When Junior Nick Guido found himself driving in circles, trying to find a parking space Monday afternoon, he got a bit frustrated. But the 30-minute drive didn’t seem so bad when he learned about the traffic congestion that filled USF earlier in the day.
With about 38,500 students attending all of USF’s campuses on the first day of classes, the growing population affected traffic flow at the Tampa campus, said Mike Klingebiel, spokesman for University Police.
And it didn’t help that Fowler Field along Alumni Drive, which in the past has been available during the first week of classes for overflow parking, was closed.
This year, due to construction of recreational fields, the area could not be used as a temporary parking lot according to a notice released on the listserv from Greg Sylvester, director for Parking and Transportation Services.
“I don’t know how much the closure (of Fowler Field) affected parking,” Klingebiel said. “But it’s definitely a time to plan for your trip to USF.”
Vacant space in front of the Sam and Martha Gibbons Alumni Center and the Lifsey House were made available as a parking lot for commuters.
Klingebiel said officers were needed along Maple and Alumni drives, including Lee Roy Collins Boulevard to assist with traffic direction, which is normal for the first week of classes.
“That’s where we’re getting all of our main traffic from,” Klingebiel said. “We have a larger population, so parking has become more of a premium.”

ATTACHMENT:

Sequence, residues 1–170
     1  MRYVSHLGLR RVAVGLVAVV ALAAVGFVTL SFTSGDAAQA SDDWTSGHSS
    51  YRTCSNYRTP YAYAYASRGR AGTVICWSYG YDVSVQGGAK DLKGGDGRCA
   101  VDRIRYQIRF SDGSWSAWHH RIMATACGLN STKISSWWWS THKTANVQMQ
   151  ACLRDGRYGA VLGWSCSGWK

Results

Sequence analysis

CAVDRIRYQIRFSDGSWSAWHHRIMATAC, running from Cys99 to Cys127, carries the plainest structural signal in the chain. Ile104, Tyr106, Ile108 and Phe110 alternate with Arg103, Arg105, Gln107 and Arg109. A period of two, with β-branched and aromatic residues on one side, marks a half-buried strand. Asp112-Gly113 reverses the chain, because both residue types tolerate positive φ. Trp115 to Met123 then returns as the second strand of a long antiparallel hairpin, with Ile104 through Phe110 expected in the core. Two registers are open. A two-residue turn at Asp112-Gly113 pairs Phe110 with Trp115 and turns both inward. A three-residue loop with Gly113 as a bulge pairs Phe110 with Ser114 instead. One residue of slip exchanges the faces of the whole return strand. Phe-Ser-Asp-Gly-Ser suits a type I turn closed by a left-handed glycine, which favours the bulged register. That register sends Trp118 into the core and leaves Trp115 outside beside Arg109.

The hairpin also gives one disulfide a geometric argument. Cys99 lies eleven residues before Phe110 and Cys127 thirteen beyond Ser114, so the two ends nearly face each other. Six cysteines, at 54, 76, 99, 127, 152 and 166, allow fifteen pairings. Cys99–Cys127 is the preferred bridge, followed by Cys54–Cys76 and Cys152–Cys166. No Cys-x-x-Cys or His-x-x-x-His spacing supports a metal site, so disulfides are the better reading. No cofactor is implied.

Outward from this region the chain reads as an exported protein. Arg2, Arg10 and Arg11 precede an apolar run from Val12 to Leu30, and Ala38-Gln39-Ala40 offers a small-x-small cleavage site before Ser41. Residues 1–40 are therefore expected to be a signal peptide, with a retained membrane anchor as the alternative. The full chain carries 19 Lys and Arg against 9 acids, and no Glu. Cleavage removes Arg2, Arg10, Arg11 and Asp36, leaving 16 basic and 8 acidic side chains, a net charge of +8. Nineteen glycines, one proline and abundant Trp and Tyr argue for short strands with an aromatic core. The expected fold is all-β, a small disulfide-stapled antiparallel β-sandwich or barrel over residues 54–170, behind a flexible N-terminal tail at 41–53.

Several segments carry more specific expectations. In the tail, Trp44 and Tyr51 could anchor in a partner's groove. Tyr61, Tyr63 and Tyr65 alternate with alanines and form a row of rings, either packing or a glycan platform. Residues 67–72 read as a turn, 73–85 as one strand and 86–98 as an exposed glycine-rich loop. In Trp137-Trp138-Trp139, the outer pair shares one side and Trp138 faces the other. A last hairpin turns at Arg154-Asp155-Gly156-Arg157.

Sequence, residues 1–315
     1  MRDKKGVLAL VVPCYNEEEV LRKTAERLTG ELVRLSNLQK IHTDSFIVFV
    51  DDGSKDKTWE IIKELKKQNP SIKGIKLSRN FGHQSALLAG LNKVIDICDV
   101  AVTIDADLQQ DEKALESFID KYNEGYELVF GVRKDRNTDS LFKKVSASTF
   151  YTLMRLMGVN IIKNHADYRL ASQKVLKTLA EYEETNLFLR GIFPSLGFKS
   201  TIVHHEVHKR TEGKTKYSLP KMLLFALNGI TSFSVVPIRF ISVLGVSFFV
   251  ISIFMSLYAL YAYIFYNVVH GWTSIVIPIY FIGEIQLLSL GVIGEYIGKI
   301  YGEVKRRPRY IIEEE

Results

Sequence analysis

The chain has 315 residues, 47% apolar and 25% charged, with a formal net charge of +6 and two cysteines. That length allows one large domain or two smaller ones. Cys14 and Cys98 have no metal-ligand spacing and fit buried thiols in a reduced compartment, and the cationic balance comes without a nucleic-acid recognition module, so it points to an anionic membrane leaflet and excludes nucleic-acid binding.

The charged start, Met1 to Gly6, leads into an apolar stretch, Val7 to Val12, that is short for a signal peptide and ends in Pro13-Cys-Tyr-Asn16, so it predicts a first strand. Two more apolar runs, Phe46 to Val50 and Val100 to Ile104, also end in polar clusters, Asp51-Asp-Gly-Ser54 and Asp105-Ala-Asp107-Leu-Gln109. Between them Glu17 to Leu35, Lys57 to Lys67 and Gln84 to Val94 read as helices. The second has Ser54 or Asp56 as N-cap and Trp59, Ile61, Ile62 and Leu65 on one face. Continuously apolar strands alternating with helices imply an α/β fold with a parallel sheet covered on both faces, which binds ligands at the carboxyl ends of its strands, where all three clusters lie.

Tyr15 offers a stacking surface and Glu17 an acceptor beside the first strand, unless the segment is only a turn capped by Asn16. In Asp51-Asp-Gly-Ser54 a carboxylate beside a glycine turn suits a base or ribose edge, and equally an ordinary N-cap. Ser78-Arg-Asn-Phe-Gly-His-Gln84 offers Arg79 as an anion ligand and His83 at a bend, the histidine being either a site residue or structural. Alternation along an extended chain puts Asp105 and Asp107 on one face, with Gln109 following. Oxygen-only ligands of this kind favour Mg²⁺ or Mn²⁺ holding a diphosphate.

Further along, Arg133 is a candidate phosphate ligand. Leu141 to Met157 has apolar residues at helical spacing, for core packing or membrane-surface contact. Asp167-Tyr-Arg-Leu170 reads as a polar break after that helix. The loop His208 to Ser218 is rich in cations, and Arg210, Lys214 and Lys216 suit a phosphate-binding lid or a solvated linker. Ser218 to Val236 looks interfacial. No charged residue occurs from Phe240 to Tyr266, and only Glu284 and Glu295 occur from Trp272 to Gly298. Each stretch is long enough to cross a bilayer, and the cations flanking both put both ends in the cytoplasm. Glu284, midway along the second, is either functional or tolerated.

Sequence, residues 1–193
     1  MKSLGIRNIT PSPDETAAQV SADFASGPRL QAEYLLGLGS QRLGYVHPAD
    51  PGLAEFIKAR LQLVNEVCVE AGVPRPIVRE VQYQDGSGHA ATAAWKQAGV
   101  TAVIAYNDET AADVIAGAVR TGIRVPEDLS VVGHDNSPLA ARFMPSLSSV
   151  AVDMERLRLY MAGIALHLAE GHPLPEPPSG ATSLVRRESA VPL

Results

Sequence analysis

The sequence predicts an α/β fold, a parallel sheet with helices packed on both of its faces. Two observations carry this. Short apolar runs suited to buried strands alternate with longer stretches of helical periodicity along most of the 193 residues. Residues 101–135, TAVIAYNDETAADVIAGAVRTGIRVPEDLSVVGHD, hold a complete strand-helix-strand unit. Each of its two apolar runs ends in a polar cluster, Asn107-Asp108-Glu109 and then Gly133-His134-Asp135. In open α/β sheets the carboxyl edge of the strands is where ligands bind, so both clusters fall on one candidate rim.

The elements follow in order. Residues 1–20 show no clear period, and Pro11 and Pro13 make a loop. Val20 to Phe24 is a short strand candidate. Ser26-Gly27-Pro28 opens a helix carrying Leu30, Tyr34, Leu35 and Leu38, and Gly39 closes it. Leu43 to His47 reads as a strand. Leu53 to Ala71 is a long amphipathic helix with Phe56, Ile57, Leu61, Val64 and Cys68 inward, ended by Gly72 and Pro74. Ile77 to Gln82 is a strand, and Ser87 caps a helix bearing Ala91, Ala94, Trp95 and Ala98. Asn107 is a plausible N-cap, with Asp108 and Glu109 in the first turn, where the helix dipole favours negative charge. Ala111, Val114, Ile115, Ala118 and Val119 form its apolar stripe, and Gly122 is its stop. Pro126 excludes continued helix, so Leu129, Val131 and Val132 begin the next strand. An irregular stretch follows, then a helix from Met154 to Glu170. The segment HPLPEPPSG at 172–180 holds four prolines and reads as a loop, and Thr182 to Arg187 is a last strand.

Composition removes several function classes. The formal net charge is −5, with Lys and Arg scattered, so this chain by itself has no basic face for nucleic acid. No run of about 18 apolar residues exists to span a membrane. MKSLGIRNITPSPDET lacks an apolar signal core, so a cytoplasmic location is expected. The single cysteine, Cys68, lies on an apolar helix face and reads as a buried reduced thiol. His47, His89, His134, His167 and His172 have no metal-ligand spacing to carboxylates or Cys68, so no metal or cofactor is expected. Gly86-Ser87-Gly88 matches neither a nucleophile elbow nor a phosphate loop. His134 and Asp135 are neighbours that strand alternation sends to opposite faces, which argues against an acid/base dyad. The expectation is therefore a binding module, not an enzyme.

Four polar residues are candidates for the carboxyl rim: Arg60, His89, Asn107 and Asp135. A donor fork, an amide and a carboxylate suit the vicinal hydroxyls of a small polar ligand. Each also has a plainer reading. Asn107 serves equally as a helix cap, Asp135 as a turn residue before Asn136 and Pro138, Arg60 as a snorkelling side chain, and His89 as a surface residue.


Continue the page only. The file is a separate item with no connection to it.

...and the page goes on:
The number of students at USF campuses has increased by about 1,500 from last year, said Doug Hartnagel, associate vice president for Enrollment Planning and Management.
Sylvester said that Parking and Transportation Services didn’t expect there to be a shortage of parking spaces, considering that HARTline service will transport students and faculty at no charge and should reduce the number of vehicles traveling on campus.
But USF employee Theresa Scott said she doesn’t think HARTline will eliminate traffic congestion.
“It doesn’t run in New Tampa,” Scott said. “I know a lot of college students live out in New Tampa. It’s fine for me. It’s a straight shot to my house.”
Sylvester and Frank Granda, operations coordinator for Parking and Transportation Services did not return messages seeking comment on parking.
However, Klingebiel said students need to be more concerned with their safety during the first week of school.
“With the confusion this time of year students and faculty become a target,” Klingebiel said.
There has been an increase of student commuters offering to transport colleagues to vehicles as students walk through the parking lots, Klingebiel said.
“It’s been a consistent theme at the beginning of each semester that students say ‘Hey, I’ll give you a ride to your car for your parking spot,'” Klingebiel said. “It’s just amazing that people take a ride from a stranger on campus, but they would never do that at the mall.”
Klingebiel added that another issue students need to be aware of is not to leave valuables on the front seats of their vehicles.
“People come to school the first week and load up everything they think they need and leave electronics in plain sight,” Klingebiel said. “This is too tempting for a criminal.”
Klingebiel said there were only a few minor car accidents throughout the day.